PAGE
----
There are several reasons why you might want to have genetic screening when trying for a baby, and there are a couple of different ways to go about it. Genetic screening can be helpful if you are struggling to get pregnant, or are suffering recurrent miscarriages, or even if you have a genetic condition that runs in your family.
If you know that you have a genetic condition that runs in yours, or your partner’s family, you may want to do genetic screening to prevent passing it onto your children. This can be done by testing yourselves or testing your embryos. Firstly, it is important to understand how the genetics of the condition work to decide on the best way of genetic screening. So, quickly back to the classroom!
The birds and bees… genetics style
We all have two sets of genetic material, one inherited from our mum and one from our dad. These sets are called chromosomes, and there are 23 chromosomes in each set. When your eggs are created, only one set of your chromosomes is left in the egg. This is ready to be paired with your partner’s genetic material, found in their sperm, to form the complete genetic makeup of your baby!
Chromosomal disorders come about when there is the wrong number of chromosomes in your cells. This happens when cell divisions go wrong whilst making your eggs or sperm and results in your embryo having an extra chromosome, or a missing chromosome, causing conditions such as Down’s syndrome and Tuner’s syndrome.
There is only a small number of chromosomal abnormalities that are compatible with life, and most embryos with the wrong number of chromosomes will not cause pregnancy or will miscarry. Your risk of having a child with a chromosomal abnormality increase as you get older and your eggs decrease in quality, which is why screening for these conditions is highly recommended in Mum’s-to-be that are over 40.
Now we have to look even closer at our genetics! Each chromosome is made up of thousands of genes, and each gene has different variations of itself, which is called an allele. Our alleles are what give us our traits, such as our eye colour, and makes us who we are! While most of our alleles just make us unique, some can go wrong and cause diseases.
Dominant genetic conditions
Some genetic conditions only need one affected gene for the disease to present itself, and so only one of you needs the condition to pass it on your children. These are called dominant genetic diseases and include conditions such as Huntington’s disease and adult polycystic kidney disease. If this is relevant to you, you or your partner will display symptoms of the condition and you have a 50% chance of passing it on to your children. But don’t worry, if the condition runs in your family but you don’t have it, you can’t pass it on to your children either.
Recessive genetic conditions
Other genetic conditions can be sneakier and may appear without you even knowing you carry an affected gene. These are called recessive genetic disorders, and they require two affected genes for the disease to present itself. Because of this, both you and your partner either need to have the condition or be a carrier of it to pass it on to your children.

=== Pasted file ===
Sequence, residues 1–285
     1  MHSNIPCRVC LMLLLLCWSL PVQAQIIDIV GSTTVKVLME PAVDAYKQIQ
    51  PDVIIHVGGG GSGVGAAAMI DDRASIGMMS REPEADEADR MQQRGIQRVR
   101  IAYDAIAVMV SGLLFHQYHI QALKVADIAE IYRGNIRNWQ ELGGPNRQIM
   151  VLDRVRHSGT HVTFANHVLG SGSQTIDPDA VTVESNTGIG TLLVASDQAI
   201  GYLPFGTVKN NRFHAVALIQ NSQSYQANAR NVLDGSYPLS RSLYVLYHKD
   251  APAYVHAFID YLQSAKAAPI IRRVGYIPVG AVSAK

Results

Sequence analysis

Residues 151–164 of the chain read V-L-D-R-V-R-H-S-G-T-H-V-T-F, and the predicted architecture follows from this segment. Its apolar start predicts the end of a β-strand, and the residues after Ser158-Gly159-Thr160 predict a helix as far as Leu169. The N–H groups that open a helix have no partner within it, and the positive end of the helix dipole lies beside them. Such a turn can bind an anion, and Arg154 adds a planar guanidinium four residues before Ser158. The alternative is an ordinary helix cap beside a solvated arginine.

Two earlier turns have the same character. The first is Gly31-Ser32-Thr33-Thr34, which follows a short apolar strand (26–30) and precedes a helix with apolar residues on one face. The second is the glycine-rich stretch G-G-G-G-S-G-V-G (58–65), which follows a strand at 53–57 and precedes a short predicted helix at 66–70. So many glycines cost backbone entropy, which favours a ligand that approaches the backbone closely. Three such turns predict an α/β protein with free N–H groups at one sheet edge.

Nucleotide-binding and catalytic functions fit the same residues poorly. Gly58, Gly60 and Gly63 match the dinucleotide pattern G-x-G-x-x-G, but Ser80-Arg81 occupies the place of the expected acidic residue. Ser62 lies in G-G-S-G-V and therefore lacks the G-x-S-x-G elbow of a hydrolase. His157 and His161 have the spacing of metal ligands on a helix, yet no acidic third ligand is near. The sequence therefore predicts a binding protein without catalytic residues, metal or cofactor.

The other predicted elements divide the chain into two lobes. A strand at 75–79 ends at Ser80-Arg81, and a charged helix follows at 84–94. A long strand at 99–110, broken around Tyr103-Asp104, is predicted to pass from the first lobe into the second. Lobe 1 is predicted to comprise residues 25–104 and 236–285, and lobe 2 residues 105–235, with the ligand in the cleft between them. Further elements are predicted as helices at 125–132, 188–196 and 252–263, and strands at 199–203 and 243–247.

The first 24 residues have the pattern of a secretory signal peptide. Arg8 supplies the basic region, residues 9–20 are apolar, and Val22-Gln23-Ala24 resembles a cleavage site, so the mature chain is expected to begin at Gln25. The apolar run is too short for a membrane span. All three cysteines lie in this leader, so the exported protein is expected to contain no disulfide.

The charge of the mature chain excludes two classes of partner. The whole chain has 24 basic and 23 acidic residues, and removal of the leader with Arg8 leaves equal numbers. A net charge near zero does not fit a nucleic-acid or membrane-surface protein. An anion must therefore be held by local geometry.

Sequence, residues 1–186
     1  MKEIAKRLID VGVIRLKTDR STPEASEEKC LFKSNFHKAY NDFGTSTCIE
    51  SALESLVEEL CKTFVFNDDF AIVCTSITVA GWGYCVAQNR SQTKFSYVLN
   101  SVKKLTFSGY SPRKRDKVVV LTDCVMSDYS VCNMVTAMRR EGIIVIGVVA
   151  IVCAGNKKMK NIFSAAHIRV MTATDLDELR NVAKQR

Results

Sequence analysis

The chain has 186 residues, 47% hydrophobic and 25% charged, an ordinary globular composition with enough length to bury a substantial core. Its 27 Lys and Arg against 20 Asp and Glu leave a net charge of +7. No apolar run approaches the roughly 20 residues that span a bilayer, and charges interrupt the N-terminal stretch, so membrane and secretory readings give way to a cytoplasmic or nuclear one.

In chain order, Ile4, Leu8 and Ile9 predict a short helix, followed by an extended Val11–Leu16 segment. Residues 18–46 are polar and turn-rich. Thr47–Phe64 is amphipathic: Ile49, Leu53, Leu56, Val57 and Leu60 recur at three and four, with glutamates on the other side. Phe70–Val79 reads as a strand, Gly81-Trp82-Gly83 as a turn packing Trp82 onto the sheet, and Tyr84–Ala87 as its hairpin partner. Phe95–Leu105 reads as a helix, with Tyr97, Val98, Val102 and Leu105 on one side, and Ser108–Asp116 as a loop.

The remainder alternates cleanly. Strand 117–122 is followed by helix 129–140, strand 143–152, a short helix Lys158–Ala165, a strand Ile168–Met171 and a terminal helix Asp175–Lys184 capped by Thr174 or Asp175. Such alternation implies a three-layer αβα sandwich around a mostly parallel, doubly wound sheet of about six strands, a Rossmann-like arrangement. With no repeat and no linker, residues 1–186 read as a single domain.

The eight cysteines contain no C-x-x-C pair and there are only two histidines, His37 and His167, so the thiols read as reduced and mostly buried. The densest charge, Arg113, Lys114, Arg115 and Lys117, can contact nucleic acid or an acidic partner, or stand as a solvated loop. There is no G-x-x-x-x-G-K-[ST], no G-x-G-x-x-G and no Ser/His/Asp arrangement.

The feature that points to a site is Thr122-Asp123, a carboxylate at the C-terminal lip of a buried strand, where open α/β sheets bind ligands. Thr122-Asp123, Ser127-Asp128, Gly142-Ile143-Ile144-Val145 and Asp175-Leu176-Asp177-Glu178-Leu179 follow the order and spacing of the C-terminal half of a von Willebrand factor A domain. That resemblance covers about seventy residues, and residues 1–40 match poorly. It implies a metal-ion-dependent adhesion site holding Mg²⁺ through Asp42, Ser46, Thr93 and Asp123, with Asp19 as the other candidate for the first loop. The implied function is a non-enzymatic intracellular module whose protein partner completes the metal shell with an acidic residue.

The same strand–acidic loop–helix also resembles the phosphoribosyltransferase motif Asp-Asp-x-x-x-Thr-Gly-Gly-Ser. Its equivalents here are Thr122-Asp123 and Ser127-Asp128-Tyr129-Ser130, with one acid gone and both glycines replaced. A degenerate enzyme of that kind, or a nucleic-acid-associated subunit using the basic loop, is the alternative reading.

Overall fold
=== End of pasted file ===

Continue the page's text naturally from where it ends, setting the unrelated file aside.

Being a carrier means that you have one copy of the affected allele and one healthy allele, and so you either display no symptoms, or only mild symptoms. We are all carriers of hundreds of recessive conditions, which is perfectly normal and will not affect your health in any way. This only becomes an issue when you are having a baby with a person who carries the same disease allele as you, as if you both pass on the affected allele, your baby will have the genetic condition.
Recessive genetic disorders tend to run within specific populations, and so the more genetically similar you and your partner are, the higher your chance of passing on a recessive genetic disorder. Although, this doesn’t mean that you have to be related to pass on a recessive genetic condition! In fact, sharing an ethnicity is enough of a similarity to put you at higher risk. For example, one in 29 Caucasians will carry the cystic fibrosis gene, but this only present in 1 in 90 Asians (Palomaki et al., 2004). Similarly, sickle cell is most prevalent in African American populations and Tay-Sachs is most common in people of eastern or central European Jewish decent. Taking a family history will help the specialists work out which recessive conditions are more at risk of having!
If both of you are carriers of the same recessive genetic condition, you have a 25% chance of having a baby which carries both affected alleles and so is affected by the disease. You will also have a 50% chance of your child being a carrier. If one of you is affected by the condition, and the other is a carrier, you have a 50% chance of passing on the condition, and 50% chance of your child being a carrier.
What are the different types of genetic screening?
Genetic Carrier Screening
Carrier testing is used to see which alleles you have that can cause a genetic disease to work out your chances of having an affected child. The genetic screening test is most commonly done by taking a blood sample. It can also be done with a saliva sample or from a swab of the inside of your cheek. The sample will be tested in the laboratory and you will be told whether you are positive or negative for the affected gene. If you do carry an affected allele, your partner will also need to be tested to see if they carry the same allele as you, and so if there is a chance you could have an affected child.